Sanger sequencing

Magazine

Are you contaminating your DNA on cleanup columns?

A very frequent scenario when cleaning up your samples (plasmids or PCR products) for DNA sequencing is to load your DNA to silica-based membrane in spin columns. Unfortunately some columns (even those of established manufacturers) may not have a really favorable shape and consequently your DNA gets dirty during purification.

The penultimate step of the cleanup procedure is spinning empty columns, a minute or two, to dry them out. Then an elution buffer is added and after another brief centrifugation samples are collected and shipped for sequencing. But they may still contain some ethanol or salts from buffers used during purification. These should have been removed when centrifuging empty columns but recommended spin times are usually too short and due to the shape of spin columns some liquid remains in the cup and is removed not sooner than at the elution step. As a result, your sample gets contaminated.

You can confirm this easily. Proceed as described in the protocol but just before elution transfer the inner cup into a clean eppendorf tube and spin empty for 5 min at recommended speed. In most cases you will see a small volume of some liquid at the bottom of the collection tube, most likely ethanol (up to 10 µl). This liquid will inhibit your sequencing reaction.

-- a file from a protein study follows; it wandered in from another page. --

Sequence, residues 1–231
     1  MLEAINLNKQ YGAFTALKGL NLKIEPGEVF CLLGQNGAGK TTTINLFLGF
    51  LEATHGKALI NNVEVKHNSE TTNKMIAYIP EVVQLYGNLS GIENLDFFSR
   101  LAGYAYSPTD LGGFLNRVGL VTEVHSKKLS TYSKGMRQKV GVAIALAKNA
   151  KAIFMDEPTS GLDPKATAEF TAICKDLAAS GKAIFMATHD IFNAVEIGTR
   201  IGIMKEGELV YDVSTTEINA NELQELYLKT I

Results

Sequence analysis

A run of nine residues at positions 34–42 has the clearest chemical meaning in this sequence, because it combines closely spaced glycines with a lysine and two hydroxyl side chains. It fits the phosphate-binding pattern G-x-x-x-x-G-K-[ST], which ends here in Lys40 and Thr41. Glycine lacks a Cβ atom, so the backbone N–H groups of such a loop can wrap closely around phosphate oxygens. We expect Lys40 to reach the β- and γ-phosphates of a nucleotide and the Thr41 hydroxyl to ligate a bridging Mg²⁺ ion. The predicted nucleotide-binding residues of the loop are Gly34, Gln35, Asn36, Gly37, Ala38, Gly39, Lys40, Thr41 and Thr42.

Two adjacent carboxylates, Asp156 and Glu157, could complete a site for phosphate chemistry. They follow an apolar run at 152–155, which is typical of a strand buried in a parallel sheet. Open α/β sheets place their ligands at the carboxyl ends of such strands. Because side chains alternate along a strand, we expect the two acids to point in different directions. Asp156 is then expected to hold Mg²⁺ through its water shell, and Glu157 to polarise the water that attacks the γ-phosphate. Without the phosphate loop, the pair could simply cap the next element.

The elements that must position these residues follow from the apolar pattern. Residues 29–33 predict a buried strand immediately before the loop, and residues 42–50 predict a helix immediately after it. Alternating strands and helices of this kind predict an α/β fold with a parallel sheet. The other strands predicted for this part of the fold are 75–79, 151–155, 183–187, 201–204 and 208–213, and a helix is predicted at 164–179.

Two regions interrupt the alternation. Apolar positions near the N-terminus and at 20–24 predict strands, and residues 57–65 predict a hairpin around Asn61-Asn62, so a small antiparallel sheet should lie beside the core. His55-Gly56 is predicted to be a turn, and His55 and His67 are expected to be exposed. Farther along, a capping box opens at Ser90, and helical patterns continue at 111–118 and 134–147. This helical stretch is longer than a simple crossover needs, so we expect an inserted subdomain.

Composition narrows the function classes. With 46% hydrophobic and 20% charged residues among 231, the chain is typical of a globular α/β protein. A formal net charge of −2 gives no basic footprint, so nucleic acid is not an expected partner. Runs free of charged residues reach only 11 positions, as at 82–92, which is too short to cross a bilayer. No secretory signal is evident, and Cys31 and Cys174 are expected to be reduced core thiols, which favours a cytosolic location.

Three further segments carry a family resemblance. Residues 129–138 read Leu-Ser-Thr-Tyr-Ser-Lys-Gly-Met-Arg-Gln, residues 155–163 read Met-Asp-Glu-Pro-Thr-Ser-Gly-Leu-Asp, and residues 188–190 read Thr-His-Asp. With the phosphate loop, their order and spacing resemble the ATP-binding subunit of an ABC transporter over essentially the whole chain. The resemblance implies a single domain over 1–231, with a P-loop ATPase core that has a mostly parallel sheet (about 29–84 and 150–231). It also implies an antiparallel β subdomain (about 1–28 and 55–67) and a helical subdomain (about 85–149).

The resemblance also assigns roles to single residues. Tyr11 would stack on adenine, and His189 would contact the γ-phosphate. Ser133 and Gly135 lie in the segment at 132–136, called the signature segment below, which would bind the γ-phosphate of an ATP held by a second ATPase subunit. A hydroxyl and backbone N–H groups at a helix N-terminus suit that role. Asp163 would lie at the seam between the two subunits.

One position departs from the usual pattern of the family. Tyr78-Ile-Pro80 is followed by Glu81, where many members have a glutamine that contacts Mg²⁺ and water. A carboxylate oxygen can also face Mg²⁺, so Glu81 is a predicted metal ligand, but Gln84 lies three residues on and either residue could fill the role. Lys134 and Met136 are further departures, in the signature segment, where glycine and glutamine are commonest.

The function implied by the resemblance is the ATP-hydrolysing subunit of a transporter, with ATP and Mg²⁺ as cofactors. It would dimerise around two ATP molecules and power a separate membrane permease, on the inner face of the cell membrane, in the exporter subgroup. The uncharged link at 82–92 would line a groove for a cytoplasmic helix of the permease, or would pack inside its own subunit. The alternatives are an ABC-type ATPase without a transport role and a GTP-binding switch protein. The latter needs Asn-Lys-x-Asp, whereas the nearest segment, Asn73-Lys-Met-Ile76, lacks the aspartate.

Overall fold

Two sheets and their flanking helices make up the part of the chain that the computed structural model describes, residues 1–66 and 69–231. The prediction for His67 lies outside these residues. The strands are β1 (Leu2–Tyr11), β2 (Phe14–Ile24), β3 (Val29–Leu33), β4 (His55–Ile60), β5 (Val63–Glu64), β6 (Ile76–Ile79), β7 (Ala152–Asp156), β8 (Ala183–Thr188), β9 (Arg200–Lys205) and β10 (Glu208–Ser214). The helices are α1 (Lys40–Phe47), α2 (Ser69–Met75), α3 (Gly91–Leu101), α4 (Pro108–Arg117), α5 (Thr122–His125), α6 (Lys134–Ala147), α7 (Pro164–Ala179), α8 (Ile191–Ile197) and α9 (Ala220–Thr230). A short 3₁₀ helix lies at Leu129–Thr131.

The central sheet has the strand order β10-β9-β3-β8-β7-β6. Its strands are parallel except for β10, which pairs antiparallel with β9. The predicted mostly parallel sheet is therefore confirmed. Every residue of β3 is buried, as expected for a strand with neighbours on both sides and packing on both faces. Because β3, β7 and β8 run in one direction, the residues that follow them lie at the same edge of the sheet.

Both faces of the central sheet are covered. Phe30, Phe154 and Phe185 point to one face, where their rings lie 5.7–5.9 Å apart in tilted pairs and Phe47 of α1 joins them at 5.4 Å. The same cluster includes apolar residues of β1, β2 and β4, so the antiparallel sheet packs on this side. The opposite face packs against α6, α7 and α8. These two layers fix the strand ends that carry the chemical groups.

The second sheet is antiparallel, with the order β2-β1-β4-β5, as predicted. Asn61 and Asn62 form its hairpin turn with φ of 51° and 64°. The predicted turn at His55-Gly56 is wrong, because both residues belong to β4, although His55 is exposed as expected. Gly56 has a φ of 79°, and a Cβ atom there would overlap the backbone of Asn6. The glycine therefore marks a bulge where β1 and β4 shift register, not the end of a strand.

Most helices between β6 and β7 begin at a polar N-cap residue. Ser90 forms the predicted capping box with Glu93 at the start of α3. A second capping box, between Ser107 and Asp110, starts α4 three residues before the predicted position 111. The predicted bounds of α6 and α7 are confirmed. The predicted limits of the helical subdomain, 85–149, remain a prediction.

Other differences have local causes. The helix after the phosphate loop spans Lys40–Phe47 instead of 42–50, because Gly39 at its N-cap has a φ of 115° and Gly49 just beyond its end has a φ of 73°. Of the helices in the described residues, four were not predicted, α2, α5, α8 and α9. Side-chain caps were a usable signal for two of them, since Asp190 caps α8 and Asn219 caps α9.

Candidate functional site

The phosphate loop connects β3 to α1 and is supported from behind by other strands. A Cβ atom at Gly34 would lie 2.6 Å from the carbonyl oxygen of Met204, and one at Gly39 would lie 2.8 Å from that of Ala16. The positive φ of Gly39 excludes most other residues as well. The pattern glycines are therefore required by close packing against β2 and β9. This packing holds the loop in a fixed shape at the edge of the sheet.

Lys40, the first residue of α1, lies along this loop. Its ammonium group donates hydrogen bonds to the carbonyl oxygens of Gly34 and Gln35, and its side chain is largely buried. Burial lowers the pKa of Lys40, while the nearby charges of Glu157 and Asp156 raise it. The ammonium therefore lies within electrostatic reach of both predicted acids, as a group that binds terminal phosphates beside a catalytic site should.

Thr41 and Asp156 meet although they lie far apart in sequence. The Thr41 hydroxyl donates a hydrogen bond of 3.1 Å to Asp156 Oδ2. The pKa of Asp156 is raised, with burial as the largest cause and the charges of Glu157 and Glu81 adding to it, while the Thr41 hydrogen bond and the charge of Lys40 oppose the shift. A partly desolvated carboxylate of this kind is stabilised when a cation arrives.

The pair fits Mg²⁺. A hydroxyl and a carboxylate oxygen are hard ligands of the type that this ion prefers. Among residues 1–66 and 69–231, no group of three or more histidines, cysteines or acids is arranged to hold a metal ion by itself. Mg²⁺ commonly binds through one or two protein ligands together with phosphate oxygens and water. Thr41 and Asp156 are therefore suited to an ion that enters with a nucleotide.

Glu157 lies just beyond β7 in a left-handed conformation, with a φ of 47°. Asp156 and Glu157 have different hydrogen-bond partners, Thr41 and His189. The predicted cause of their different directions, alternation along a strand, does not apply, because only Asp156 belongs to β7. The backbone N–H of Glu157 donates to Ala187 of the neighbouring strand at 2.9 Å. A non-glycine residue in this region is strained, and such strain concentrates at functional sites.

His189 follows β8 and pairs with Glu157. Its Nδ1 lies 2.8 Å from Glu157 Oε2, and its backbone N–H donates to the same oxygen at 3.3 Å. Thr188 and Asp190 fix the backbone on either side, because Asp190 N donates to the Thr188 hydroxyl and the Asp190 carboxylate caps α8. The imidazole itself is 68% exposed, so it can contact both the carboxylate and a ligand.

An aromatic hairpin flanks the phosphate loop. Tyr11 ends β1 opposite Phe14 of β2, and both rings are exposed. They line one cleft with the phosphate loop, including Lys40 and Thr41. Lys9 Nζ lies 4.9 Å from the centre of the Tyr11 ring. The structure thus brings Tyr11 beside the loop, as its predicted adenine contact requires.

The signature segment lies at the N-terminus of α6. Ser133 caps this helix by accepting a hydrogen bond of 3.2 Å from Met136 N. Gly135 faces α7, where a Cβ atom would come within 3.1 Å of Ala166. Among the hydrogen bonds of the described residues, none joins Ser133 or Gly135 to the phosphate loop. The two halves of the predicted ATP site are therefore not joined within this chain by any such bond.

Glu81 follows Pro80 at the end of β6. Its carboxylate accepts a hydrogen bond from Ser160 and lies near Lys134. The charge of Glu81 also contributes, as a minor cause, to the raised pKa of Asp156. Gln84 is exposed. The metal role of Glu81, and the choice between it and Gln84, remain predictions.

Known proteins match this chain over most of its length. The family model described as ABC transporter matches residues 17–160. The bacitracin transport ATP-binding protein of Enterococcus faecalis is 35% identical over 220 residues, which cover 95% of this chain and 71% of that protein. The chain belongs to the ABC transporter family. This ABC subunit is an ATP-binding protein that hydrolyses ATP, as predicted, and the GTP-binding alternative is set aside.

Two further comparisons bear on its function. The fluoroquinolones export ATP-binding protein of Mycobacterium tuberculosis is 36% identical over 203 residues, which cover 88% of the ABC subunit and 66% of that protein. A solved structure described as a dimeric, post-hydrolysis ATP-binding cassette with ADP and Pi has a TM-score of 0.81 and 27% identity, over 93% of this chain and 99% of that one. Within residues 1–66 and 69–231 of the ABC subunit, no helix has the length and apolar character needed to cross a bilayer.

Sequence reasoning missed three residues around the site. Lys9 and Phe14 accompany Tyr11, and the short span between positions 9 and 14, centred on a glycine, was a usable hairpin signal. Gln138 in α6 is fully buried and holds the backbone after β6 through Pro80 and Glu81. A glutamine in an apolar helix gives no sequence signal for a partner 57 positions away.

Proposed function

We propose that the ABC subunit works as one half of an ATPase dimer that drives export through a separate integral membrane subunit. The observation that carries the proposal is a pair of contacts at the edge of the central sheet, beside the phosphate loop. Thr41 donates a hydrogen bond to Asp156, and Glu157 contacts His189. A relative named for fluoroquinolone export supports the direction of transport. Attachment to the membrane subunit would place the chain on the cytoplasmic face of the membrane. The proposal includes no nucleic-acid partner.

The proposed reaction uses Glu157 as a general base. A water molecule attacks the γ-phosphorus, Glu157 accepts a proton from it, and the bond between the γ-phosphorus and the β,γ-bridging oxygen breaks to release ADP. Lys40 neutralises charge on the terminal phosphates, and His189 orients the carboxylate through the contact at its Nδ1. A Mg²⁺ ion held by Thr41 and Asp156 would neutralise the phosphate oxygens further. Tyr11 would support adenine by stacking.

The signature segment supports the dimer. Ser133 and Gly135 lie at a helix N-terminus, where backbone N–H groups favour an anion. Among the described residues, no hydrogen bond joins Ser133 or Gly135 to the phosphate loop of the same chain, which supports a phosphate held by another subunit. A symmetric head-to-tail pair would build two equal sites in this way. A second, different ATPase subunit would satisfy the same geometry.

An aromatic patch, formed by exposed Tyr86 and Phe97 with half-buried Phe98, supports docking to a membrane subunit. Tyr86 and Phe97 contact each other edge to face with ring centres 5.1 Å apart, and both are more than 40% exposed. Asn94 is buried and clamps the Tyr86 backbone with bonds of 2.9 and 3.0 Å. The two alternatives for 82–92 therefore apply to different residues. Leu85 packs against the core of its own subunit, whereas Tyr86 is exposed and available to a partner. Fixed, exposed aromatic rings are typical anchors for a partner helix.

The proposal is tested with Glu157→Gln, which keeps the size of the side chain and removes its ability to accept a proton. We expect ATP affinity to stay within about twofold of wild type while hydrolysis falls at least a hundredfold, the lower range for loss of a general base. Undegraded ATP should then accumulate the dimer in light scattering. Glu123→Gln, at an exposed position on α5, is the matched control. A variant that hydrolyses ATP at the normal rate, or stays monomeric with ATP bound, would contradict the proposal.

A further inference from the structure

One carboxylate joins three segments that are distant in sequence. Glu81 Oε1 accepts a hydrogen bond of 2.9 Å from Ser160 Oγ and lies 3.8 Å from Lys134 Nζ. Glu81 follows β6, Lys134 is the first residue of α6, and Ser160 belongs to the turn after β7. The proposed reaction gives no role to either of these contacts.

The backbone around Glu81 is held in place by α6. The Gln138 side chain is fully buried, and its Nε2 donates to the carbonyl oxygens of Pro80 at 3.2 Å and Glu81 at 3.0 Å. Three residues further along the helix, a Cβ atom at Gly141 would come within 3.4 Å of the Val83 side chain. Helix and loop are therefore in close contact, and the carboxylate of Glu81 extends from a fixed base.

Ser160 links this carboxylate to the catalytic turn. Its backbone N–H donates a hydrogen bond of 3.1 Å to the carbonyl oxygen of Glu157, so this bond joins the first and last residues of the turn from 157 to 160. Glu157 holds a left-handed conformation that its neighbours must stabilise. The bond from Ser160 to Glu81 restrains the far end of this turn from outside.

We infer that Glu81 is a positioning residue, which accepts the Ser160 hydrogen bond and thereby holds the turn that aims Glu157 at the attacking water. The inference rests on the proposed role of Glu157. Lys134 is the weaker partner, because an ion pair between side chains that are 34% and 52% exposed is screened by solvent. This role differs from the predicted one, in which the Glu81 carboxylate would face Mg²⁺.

What can be done here? The simplest way is to extend the centrifugation time to approx. 3–5 min when drying. But there are inner cups with internal lip holding small (dead) volume of liquid when centrifuged in angle rotors. It is therefore recommended to centrifuge empty tubes for 2 min to dry them out and then, without removing the tubes from the rotor, rotate the inner cup 180º and spin again for additional 2 min. This way any liquid trapped inside should be removed. Make sure the inner cup is completely dry and you cannot see any traces of liquid and transfer it to the elution tube. Proceed with elution as recommended by the kit manufacturer.

 

Richard Nádvorník, richard.nadvornik@seqme.eu

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